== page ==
Questioning skills are important in facilitating an interactive pedagogy. Here we list two approaches to asking questions.
1. Higher cognitive questions
The Gallagher and Ascher’s hierarchical taxonomy (1963) describes four levels of questioning, from lowest to highest level:
- Cognitive-memory thinking uses simple processes like recognition or rote memory to formulate an answer;
- Convergent thinking requires the students to analyse existing content to formulate an answer. There is only one correct answer for questions at this level;
- Divergent thinking requires a response using independently generated data or a new perspective on a given topic. There is more than one correct answer for such questions; and
- Evaluative thinking, the highest question level in this taxonomy, deals with issues where judgment of values and choices are necessary.
2. Question sequencing
In question sequencing, each question successively builds on the answer to the previous question, to lead to deeper learning.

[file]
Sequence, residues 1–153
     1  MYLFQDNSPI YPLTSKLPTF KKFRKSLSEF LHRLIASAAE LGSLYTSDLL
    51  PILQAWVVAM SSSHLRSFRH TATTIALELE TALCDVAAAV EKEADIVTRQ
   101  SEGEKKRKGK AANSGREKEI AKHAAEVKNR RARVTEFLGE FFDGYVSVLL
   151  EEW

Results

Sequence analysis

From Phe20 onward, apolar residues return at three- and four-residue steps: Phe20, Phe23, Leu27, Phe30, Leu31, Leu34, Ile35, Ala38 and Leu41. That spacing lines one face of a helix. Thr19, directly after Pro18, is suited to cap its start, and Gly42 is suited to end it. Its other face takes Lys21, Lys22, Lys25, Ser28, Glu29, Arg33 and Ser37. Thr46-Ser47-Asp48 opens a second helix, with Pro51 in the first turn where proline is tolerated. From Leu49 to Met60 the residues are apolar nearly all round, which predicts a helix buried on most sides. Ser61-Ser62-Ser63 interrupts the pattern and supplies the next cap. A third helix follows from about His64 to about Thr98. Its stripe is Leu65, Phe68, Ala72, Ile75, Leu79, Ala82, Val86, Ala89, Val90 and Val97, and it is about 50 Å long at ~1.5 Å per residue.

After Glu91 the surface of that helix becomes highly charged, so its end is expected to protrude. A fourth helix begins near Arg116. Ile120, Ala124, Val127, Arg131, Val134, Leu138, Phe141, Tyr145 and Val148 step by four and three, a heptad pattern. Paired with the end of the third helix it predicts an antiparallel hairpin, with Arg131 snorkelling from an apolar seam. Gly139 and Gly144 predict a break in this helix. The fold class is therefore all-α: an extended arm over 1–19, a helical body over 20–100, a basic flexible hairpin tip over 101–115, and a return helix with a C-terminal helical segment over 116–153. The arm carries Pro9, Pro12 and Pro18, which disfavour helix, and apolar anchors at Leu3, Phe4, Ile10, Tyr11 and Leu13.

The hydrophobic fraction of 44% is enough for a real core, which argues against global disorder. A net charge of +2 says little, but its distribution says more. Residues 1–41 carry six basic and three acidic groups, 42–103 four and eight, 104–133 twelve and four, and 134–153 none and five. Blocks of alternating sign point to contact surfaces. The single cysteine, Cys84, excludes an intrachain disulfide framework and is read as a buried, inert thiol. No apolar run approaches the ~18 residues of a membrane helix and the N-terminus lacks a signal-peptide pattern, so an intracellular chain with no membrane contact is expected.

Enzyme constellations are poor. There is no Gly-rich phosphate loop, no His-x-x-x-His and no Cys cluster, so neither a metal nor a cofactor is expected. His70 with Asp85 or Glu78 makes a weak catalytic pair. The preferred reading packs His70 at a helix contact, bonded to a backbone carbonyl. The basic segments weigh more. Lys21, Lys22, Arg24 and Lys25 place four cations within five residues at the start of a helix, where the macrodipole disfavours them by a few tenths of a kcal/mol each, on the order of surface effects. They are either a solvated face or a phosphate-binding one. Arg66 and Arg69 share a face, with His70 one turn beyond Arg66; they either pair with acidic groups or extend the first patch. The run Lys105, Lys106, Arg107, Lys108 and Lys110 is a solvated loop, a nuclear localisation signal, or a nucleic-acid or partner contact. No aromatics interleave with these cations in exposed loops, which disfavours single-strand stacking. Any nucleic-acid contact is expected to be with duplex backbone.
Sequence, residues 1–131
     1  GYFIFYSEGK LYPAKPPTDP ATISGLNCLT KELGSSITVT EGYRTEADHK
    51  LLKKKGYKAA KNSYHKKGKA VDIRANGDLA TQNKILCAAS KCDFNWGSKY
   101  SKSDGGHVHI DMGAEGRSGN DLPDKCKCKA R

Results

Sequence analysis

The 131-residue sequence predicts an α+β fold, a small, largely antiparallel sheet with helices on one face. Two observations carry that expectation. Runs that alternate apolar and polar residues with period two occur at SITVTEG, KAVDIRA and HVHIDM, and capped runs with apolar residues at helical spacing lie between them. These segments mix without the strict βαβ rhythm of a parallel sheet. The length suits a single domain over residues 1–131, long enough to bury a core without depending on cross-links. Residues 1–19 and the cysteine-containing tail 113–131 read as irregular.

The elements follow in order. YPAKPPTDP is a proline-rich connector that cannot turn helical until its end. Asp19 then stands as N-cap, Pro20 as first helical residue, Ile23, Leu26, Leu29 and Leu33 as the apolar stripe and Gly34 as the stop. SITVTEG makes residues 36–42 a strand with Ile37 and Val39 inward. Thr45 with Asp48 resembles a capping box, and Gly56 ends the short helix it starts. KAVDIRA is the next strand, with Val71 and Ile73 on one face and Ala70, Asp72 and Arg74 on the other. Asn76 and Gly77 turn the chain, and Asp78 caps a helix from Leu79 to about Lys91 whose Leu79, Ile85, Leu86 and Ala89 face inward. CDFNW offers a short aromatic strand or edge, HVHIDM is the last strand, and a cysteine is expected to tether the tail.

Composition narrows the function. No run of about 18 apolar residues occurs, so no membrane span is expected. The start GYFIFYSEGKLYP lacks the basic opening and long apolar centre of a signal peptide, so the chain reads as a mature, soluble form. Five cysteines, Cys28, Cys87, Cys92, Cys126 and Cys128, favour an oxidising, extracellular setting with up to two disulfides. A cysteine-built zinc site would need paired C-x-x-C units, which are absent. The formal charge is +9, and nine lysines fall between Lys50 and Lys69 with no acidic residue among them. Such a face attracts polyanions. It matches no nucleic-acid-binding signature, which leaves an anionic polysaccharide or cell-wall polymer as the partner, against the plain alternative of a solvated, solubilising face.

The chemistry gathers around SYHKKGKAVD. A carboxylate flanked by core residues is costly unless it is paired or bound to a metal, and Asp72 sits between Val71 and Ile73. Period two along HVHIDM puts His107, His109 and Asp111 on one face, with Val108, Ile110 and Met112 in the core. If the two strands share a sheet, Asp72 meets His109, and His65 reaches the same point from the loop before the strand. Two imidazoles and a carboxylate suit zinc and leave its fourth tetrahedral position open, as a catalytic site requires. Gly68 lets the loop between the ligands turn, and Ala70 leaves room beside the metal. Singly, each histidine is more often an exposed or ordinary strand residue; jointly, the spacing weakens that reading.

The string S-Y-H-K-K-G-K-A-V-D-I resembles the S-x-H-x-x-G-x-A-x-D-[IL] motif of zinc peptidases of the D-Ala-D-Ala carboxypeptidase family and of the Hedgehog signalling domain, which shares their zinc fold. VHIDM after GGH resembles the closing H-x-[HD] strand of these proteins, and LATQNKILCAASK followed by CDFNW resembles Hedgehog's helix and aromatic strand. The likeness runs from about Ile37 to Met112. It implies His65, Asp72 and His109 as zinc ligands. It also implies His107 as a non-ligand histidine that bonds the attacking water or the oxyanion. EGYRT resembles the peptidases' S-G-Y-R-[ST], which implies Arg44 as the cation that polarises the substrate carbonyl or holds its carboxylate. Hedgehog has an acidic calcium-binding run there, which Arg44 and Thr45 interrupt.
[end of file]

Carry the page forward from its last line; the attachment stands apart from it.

- Extending and lifting: Asking a number of questions at the same cognitive level (extending) before lifting the questions to the next higher (cognitive) level;
- Circular path: Asking a series of questions which eventually lead back to the initial position or question. A classic example of this circular path pattern is, “Which came first, the chicken or the egg?”;
- Same path: Asking questions at the same cognitive level. This pattern typically uses all lower-level, specific questions;
- Narrow to broad: This pattern involves asking lower-level, specific questions followed by higher-level, general questions;
- Broad to narrow (or funnelling): Question sequence begins with low-level, general questions followed by higher-level, specific questions; and
- A backbone of questions with relevant digressions: In this sequence, the focus is not on the cognitive level of the questions but on how closely they relate to the central theme, issue, or subject of the discussion.
- Questioning Skills to Engage Students by Nachamma Sockalingam
- Asking Good Questions by Kenneth E. Vogler